So once Doña Mary had taken the decision to move the radio to Chichi (we just moved the equipment inside the station; we haven't dismantled the tower yet and have not figured out a new locale for the radio), I contacted Lucelio and Mario, the two leaders of the Red de Jóvenes who had been most interested in the radio, to let them know and also to try and push for a training session before I leave. Not because I am the most qualified to do a training session on radio (with the exception of the two training sessions I attended in San Mateo, which mostly focused on making radio spots, and also some education on human rights and sexual and reproductive rights, I have not had any formal training in radio, and before starting to work with Radio Ixmukané in April, it had been years since I had been on the air -- probably about 16 years ago was when I did my last broadcasts at WBAI). But I have the freedom to make my own schedule and I have a lot of experience in teaching and leading meeting, and I have the urgency and determination to make it happen. I am very passionate about community radio; I do feel as though I am on a mission to make our radio happen, to make it viable and make it a success. I've probably internalized this too much -- taken it too deeply to heart and have invested too much emotionally in it. I realize that it is not "my" radio, but I also recognize that because I am not bound in the same way that rural women or Ixmukané employees are, I can make a certain contribution. I've had the opportunity, because I am "free" to travel around the country and to do what I want, within reason, to participate in the community radio movement, visit other radio stations, and get more of an overview of the challenges and possibilities at a national level.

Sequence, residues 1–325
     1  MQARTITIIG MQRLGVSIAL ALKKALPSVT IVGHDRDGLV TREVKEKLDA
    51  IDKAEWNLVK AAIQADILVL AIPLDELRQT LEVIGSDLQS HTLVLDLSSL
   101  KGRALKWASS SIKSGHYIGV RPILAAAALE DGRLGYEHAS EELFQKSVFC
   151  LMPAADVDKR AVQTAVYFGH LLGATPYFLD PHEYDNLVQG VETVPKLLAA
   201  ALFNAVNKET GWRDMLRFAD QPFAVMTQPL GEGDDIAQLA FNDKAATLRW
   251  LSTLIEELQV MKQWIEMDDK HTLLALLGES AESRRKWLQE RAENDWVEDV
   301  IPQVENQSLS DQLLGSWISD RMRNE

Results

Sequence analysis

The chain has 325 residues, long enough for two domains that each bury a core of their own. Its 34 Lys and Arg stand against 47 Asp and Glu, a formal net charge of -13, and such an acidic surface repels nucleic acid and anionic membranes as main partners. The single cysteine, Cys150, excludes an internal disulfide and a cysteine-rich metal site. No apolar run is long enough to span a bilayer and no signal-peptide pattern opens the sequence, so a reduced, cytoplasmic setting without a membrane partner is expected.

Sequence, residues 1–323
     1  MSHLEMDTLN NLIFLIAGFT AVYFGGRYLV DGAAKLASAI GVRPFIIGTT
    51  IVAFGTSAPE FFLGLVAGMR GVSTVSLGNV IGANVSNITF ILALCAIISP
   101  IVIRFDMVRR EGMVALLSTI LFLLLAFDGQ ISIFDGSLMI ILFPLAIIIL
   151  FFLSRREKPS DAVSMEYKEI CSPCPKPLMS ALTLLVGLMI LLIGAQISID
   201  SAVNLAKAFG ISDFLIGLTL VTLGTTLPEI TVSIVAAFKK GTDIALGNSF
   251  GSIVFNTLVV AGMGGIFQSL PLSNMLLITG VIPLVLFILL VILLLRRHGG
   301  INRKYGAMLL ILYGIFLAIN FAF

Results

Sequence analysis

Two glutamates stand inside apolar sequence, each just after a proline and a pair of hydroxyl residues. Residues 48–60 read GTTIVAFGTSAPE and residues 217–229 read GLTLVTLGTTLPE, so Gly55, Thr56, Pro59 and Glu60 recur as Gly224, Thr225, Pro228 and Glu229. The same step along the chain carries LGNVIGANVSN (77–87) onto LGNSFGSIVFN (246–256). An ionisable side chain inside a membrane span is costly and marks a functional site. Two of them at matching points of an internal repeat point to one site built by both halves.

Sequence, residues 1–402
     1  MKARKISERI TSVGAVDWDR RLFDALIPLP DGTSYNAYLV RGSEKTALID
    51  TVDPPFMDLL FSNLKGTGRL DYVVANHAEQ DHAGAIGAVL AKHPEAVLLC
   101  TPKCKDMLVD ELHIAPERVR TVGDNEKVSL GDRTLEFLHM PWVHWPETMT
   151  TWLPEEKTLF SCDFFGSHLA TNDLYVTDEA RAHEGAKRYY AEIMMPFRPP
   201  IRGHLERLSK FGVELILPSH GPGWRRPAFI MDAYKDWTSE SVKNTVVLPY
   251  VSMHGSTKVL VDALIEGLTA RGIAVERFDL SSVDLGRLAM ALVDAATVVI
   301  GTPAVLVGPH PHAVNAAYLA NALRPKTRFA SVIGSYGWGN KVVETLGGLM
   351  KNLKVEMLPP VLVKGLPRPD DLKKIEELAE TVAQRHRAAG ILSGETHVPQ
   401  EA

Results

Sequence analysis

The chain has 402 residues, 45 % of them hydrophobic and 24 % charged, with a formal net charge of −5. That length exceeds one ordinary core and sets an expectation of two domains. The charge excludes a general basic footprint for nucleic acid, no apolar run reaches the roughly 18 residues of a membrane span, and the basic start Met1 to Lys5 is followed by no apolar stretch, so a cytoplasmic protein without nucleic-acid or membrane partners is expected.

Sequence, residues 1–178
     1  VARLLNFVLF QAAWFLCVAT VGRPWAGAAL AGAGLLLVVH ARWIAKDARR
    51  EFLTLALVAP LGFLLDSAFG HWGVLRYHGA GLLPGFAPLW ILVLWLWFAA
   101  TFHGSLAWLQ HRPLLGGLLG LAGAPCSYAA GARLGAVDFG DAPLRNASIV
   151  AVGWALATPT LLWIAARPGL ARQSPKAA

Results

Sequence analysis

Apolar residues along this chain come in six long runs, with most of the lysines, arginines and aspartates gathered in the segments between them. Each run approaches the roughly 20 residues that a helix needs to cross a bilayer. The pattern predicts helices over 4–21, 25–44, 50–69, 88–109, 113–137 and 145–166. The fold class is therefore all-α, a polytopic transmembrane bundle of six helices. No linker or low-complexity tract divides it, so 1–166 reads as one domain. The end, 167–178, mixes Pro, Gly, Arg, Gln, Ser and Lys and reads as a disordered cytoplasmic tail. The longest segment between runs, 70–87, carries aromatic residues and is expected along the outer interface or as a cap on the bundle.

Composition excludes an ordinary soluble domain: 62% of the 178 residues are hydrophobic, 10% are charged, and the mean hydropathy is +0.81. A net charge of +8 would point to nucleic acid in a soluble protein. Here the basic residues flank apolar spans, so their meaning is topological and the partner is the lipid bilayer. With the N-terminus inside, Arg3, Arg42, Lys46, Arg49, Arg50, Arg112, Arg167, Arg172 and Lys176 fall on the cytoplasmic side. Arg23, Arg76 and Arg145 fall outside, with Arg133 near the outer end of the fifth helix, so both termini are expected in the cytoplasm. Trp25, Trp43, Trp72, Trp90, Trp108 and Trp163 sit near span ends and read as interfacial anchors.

And so I have been determined to find ways to get other people involved in Radio Ixmukané. I pushed the young people from the Red de Jóvenes and we finally agreed upon the date of December 26 for a training session, and I put together a brief outline. In the meantime, Lucelio, the person with whom I've had the most contact (since he attended the last training session/workshop on sexual and reproductive rights in San Mateo, together with me, and we had time to talk in the car on the way back), had been asking me to come visit the community where he lives, Semejá. I realized that it was important to him, but wasn't sure when I would be able to do it. We had a meeting about a week and a half ago (I am now losing track of exact dates) that I thought was going to be a training session but only Lucelio and Mario came so we used the time to plan the training session that took place yesterday, and I was saying that I wanted to take a temescal (a traditional Maya sauna) before I left and Lucelio said, "Come to my house today and my mother will make you one." I said that I couldn't but that we could do it the day of the training session.